Willow CottageRecently, on the third anniversary of my mother’s death, I went to Hedgebrook to have some writing time as well as to teach at the Summer Salon, a day of small-group writing workshops given in the Hedgebrook cottages. Three years earlier, I had been scheduled to do the same, but the week before my departure for Hedgebrook, my sister messaged me and my siblings that our mother was dying. I flew to San Diego the next day and stayed for two weeks, the amount of time it took to see our mother through her last days and to bury her.

HB deskNow in the woods amid birdsong and five other cottages which housed writers I admire, I wondered what work I could accomplish during my stay, wondered if I would solve the problem of the novel I’m working on. I thought about my mother whose opinion of my writing I could never fully gauge, and I invited her to be with me there as I pondered and wrote, and daydreamed too much when the words did not come. I would ask her questions:

Me: What do you think of this sentence?
Her: Whatever you think is fine.
Me: Is this scene believable?
Her: I don’t really know about those things.
Me: Does this sound too much like a cliché?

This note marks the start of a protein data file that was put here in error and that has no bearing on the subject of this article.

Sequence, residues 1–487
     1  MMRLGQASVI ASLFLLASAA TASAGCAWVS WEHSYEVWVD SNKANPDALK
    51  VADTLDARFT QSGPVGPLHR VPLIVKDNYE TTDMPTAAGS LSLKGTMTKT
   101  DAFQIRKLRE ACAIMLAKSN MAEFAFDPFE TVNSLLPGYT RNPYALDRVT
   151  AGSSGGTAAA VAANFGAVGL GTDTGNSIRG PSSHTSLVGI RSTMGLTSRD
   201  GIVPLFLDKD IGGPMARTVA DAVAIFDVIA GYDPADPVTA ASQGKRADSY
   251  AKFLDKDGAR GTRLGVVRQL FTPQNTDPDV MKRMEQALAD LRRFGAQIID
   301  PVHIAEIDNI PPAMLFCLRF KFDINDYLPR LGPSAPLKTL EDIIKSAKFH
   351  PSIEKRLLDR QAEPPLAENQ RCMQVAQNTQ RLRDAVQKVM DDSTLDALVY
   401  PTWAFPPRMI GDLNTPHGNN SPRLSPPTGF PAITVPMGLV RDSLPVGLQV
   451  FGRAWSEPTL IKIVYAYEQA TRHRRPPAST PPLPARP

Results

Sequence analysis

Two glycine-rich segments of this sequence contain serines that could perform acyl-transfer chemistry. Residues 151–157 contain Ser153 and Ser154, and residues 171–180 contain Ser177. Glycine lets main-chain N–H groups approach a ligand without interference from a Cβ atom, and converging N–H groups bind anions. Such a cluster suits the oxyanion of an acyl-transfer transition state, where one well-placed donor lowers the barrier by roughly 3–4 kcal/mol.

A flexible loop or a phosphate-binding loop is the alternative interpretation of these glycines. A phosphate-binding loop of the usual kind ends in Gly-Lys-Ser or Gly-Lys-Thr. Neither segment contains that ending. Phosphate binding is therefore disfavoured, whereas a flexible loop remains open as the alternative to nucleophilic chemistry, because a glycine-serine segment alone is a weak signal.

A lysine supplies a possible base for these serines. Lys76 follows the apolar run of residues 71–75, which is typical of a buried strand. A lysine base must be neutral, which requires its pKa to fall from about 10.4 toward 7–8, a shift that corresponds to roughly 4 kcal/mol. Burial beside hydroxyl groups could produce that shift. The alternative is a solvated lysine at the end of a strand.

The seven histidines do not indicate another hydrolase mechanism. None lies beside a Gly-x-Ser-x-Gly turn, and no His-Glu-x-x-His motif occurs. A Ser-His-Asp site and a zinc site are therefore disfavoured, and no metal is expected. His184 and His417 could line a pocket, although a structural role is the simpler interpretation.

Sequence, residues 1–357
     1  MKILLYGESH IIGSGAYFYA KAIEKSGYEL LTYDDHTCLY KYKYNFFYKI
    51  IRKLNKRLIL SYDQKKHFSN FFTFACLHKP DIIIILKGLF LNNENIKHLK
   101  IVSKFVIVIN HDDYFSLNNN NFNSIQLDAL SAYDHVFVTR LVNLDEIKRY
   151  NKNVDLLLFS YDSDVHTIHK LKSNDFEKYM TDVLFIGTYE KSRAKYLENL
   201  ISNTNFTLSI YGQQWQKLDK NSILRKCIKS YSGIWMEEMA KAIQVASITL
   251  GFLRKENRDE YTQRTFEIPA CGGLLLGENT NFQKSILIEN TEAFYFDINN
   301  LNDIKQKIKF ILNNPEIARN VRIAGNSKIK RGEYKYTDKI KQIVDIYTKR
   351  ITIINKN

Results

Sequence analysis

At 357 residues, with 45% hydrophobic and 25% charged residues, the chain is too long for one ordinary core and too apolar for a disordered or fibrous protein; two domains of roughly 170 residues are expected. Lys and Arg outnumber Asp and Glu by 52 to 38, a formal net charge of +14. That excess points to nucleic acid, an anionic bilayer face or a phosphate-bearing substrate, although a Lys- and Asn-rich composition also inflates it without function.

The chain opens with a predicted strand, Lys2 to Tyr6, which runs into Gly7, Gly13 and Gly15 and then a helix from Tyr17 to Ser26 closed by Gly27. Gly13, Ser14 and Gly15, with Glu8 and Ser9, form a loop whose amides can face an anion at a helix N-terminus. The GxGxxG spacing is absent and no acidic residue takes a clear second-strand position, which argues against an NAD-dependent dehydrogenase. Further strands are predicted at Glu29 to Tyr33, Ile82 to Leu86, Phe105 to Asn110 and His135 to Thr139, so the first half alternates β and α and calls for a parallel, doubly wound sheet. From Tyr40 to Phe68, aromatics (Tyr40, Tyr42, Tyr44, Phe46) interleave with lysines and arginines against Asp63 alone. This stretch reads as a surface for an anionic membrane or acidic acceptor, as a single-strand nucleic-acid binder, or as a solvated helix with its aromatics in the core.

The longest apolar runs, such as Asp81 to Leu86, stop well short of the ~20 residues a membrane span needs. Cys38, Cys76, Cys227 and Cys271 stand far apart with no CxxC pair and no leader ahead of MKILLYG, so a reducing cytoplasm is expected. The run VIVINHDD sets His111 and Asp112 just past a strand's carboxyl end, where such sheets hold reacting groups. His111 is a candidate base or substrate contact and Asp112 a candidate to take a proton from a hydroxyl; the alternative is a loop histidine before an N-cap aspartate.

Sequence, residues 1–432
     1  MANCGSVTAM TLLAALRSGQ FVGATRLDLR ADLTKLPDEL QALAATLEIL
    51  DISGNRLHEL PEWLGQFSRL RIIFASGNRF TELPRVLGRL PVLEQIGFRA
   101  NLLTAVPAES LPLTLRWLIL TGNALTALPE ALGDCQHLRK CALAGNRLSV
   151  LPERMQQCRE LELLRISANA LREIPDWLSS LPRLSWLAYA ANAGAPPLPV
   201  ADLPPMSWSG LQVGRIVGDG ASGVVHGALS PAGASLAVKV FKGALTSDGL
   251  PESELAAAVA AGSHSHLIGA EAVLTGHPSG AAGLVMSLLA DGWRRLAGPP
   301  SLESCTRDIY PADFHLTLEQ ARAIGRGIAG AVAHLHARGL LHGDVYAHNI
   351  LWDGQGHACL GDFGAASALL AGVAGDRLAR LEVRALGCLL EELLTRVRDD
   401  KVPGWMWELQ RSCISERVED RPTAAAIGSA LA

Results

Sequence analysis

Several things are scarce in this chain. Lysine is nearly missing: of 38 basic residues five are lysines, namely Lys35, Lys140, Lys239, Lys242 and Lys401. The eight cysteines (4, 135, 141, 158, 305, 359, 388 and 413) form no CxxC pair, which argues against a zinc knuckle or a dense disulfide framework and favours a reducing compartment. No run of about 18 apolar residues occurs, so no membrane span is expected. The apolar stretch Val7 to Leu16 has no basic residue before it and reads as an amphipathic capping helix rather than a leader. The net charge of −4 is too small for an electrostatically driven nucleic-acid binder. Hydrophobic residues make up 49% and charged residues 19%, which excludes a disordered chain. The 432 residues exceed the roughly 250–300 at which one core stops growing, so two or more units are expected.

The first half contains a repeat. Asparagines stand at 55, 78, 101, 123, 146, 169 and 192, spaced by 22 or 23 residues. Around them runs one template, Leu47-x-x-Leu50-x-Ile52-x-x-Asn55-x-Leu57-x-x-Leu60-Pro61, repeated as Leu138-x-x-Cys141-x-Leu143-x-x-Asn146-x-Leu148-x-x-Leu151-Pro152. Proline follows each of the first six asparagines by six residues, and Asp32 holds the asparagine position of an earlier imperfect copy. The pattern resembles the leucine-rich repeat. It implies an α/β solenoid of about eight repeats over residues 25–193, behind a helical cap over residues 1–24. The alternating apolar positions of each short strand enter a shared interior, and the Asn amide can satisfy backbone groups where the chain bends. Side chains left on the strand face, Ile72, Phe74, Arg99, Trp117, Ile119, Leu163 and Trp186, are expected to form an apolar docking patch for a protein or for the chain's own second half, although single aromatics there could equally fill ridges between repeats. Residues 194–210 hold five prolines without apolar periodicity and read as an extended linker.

Her (with a little laugh, but with a tone that said she meant it): Don’t ask me.

She never liked being asked for an opinion on such things. Fair enough. I would leave her alone.

That first night I turned the dimmer switch on the downstairs lights very low so there was just a glimmer of light inside the cottage when I turned out my bedside lamp in the sleeping loft. I don’t like being in complete darkness. Maybe it comes from a near lifetime of nearsightedness – the inability and insecurity of not seeing clearly and the fear of not seeing at all. Or maybe it’s because I’ve always been a little bit afraid of the dark. Maybe I’m afraid of ghosts. Or I only want to see them in a reassuring glimmer of light.door
I woke early after a fitful night. It was just after five and the light was filtering through the trees and into the uncurtained loft window. As I contemplated getting out of bed, the dimmed downstairs lights blinked off. As soon as I realized what had happened, they blinked back on again. “Mom?” I asked.

I’m on the cusp of believing in the supernatural and mystical, so I was willing to cross the threshold into the twilight zone and presume that the flickering light was a sign from my mother. On the other hand, I can easily be swayed by the workaday notion that a swell or drop of electrical current was the source of the flickering. To be sure, electricity is as explainable to me as the supernatural.